Part of me wonders if Meuwly isn't doing this because it will allow greater numbers and therefore potential to steer a sprinter toward his more prized 400 distance. That's almost guaranteed to happen at some point. He's already got an example under his wing with Kielbasinka. Also Taymir Burnet on the men's side.

      I feel bad for the old sprint coach in some respects. There really is a void in let's say the 21-25 age block on both sides. And that was evident for years while watching those Hortas Sotra videos. But the generation immediately below does have some intriguing prospects. That's probably why Meuwly doesn't mind the added role.

      Matthew Sophia is the top talent, a 110 hurdler with a great explosive start and raw ability. But he is a kamikaze type who hits as many hurdles as he misses. He also competes so seldom I lose interest and have no idea what is going on. I'm not sure a guy like that would even agree to train at Papendal. He looks like someone who needs lots of attention. I won't say babysitting but I just did. But there's a young sprinter named Raphael Bouju who is only a year older than Sophia and appears to share many of the same beliefs. Perhaps they can bond.

      On the women's side the best young talent is N'ketia Seedo, who really seized the moment at the World U20 Championships and ran faster than I thought she was capable of. Fortunately it resulted in a shared bronze after initially she was ruled off the podium by .001. Zoe Sedney is the top hurdler behind Visser. She needs to lose some weight, IMO.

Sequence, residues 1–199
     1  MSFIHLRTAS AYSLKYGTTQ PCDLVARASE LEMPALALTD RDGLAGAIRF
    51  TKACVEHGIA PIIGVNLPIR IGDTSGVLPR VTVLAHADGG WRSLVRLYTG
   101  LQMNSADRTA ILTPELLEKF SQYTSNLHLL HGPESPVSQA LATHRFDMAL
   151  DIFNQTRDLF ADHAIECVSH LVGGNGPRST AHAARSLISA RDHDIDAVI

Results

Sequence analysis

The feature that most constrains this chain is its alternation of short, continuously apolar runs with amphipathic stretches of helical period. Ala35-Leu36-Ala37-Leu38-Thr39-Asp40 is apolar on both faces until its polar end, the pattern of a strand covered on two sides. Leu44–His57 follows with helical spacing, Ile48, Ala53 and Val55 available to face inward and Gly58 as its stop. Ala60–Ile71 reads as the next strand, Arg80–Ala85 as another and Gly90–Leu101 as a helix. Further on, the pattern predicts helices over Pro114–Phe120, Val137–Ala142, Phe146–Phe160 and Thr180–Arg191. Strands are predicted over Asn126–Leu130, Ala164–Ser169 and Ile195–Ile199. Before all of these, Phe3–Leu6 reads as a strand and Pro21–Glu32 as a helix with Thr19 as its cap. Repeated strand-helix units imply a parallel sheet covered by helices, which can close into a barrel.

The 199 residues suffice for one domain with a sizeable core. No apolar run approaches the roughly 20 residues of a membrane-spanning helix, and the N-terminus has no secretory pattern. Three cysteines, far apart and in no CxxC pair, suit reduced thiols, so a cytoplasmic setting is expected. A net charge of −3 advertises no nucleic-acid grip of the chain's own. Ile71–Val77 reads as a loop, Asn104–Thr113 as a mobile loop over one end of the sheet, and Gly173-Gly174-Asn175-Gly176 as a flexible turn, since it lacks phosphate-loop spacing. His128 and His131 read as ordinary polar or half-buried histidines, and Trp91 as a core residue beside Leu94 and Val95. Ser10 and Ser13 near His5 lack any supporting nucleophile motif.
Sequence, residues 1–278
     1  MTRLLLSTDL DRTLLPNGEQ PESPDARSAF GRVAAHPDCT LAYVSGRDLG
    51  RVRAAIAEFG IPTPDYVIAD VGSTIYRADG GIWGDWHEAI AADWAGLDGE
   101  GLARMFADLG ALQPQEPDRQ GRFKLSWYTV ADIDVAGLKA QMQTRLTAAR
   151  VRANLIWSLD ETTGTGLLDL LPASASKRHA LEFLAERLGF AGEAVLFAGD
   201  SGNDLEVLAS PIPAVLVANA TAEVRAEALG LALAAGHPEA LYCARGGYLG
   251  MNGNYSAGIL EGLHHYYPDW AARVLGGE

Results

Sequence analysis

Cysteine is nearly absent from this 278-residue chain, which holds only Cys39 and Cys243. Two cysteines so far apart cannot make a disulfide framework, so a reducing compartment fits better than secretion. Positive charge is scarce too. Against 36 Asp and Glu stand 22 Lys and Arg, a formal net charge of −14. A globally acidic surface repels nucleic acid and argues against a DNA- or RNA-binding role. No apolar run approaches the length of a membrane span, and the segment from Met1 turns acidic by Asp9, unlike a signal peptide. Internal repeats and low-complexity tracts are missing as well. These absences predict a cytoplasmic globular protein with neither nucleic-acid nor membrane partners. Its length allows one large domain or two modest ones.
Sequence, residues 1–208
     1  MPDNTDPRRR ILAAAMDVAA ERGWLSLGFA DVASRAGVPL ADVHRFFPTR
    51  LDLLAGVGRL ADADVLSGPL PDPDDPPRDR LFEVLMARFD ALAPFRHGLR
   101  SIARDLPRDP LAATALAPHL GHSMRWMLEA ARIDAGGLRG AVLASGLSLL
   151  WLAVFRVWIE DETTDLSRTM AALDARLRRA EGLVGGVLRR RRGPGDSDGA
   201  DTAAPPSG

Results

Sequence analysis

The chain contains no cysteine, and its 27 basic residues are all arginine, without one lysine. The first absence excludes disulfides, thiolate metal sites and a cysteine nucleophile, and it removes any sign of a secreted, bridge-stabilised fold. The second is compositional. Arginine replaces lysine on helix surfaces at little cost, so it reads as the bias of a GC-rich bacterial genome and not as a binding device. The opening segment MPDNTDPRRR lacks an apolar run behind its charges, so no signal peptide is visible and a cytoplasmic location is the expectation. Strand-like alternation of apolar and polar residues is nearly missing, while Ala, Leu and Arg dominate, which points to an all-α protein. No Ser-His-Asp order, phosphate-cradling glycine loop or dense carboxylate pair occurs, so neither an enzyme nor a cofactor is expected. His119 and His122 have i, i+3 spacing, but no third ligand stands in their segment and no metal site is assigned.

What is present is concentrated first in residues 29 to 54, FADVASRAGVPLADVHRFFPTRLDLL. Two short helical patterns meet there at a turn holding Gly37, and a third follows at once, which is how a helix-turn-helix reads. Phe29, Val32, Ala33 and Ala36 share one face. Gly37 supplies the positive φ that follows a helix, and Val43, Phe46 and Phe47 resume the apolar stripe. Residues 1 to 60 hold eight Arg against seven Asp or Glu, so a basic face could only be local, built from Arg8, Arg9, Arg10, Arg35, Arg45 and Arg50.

I can't think of anyone else on that side who is an up and comer, with the possible exception of Britt de Blaauw. She was quick at 200 a few years ago at age 15 but hasn't improved since then. I'm not sure if there was an injury, or what happened. She was someone I had in mind who might eventually prefer the 400, based on the few races I've seen from the YouTube channel. She always closes late. Also a very good athlete with a 6 meter jump at very young age. She could be a candidate for 400 hurdles also. Her short hurdling technique looks good. There was a 44.1 at 300 hurdles at age 15 then for whatever reason she never attempted the longer hurdles again.